Introduction

Why you need to read this book

Does your child have:

dyslexia?

dyspraxia?

ADHD?

ADD?

autism (ASD)?

Asperger’s syndrome?

Fragile X or other chromosomal disorder?

hearing problems?

sight problems?

physical problems?

learning problems?

or is in some other way disadvantaged so he or she needs extra help to cope with mainstream schooling?

 

If so, you will need to plot a course through the special educational needs system. This is often very tricky indeed and can be very isolating.

There is a legal process that must be followed if you want to try to achieve your aims. We learned this piece of wisdom very late and to our cost.

 

We want to enlighten you as to your legal rights in all this. Sometimes those in authority will ‘forget’ to tell you about your rights and you and your child are then at a huge disadvantage.

 

Definition of special educational needs

Children have special educational needs if they have a learning difficulty which calls for special educational provision to be made for them.

Children have a learning difficulty if they:

 

(a) have a significantly greater difficulty in learning than the majority of children of the same age

(b) have a disability which prevents or hinders them from making use of educational facilities of a kind generally

provided for children of the same age in schools within thearea of the local education authority

(c) are under compulsory school age and fall within the definition at (a) or (b) above or would so do if special

educational provision was not made for them.

 

Special educational provision means:

 

(a) for children of two or over, educational provision which is additional to, or otherwise different from, the educational

provision made generally for children of their age in schools maintained by the LEA, other than special schools, in the

area

(b) for children under two educational provision of any kind (Section 312, Education Act 1996)

 

I was asked the other day what would be on my ‘wish list’. I wished that I could have been given a book thirteen years ago (that was when we

adopted and unwittingly entered the twilight zone of special educational needs) that contained the knowledge that I have now. It would have saved our children, and us, years of difficulty and heartache. I genuinely hope that this book realizes one of your wishes too and helps you to avoid some of the elephant pits into which we fell.

 

This practical survival guide, written with genuine empathy and warmth with a dash of humour, will, I hope, help you through the quagmire of jargon and personalities you will encounter on your journey through the parallel world of special educational needs to a successful and happy outcome for your child.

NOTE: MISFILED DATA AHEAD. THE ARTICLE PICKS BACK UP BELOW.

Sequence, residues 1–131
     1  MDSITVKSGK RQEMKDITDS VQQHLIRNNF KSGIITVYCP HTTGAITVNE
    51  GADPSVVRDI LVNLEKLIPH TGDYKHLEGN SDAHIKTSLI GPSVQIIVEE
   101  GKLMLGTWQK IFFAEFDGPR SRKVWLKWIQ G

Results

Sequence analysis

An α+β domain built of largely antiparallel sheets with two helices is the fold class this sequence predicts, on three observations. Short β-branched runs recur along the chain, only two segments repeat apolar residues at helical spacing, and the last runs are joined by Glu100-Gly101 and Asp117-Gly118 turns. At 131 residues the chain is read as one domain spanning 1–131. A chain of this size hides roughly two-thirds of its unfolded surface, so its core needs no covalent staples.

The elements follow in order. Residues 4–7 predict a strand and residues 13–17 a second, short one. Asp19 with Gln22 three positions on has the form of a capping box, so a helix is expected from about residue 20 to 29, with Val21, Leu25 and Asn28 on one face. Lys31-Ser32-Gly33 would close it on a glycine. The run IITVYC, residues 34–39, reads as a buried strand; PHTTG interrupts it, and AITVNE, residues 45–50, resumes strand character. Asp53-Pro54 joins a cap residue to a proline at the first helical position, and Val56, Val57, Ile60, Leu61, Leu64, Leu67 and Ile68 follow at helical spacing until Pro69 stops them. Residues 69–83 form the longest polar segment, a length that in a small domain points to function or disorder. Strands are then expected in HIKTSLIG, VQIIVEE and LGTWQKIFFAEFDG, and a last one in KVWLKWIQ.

You may think you haven’t the time to read yet another book when all you want is to get help. But I urge you to read on so that you can learn

from our mistakes. You should be able to achieve far more, and in a much shorter time, than us, as we stumbled around the system trying desperately to get assistance and being thwarted.

 

I have tried to write this book in the order I think would be most helpful. I might have got this wrong, however: it might be helpful if you start off by reading what happened to our children (Chapters 8 to 13).

 

For ease of reference – I know how busy you are with your children – I have tried to break the book down into manageable chunks so that you

can dip in to find the piece of information that is relevant to where you are right now on your particular journey. I’ve waded through so much

legal stuff that sometimes I’ve forgotten what I was looking for in the first place! The chapters which are specifically about my children are

long but I hope you’ll forgive me. There was a lot to tell!

 

There are other books out there. They will tell you what should happen under the rules of the system. The difference with this book is that it tells you what really happens.

 

Maybe something we say might ‘ring a bell’ with you. You may recognize certain behaviours or problems. I want to inspire you because I

am so pleased to tell you that as I write this book our older children are doing really well now. After all their traumas they are experiencing some

happiness and success. Now that they are receiving the correct help they are busy and productive in their own ways.

 

My daughter Alice is now nearly twenty and, although still emotionally wobbly, is doing so well. The older boys are happily working their socks off in their various colleges and schools. We are still investigating the extent of our youngest son Jack’s difficulties but it is likely that he will have to move to a more supported educational placement. All this hard work was worthwhile and I do so hope that my advice will help you and your children.

 

We had such a miserable time. I want to show you what is possible, against all the odds.

 

The stress of the continual fight with authority, added to the strain of actually caring for your special needs child, is enormous and should not

be overlooked.

 

Realizing you need help is a hard step to take, as it involves an element of admission of failure on your part (although in reality you have

certainly not failed!). However, getting help is often much harder.

 

The divorce rate for couples with special needs children is allegedly twice the national average. This is a tragic and alarming statistic, but hardly surprising. Our experiences took us ‘to the brink’ as a couple. Somehow we have clawed our way back into our relationship but the strain has taken its toll. It surely needn’t be like this.

 

Legislation has to be changed so that the parents and carers of children with special needs can work with those in authority instead of the people

in authority spending huge amounts of precious resources fighting the parents who are only trying to get help for their children.

 

Our LEA engaged a barrister on two occasions to fight us. Talk about a tank against a pea shooter!

 

It is difficult to marshall a united front of parents and carers, as they are generally so exhausted they don’t have time to attend meetings and

canvass MPs, etc. Their voice and therefore their concerns continue to go unheard.

 

If you have a child who has special needs there would appear to be legislation in place to allow you to access help for them. So on paper this

is seemingly simple – maybe because the piece of paper has been written by a professional who goes home in the evening to a peaceful environment

and isn’t up half the night either worrying about her child or trying to stop him running off into the night. Perhaps that professional won’t have nightmare Christmas experiences, disastrous holidays, a house that is being broken up around her, a child who may be very violent or suicidal (because he is so confused, frightened by life and unhappy), a lifestyle that is so complicated (because where do you find a ‘babysitter’ for a sixteen- and seventeen-year-old who can’t be left on their own?) that going out becomes a distant memory and friends who don’t understand what is going on in her life disappear over the horizon, leaving her lonelier and more isolated than ever.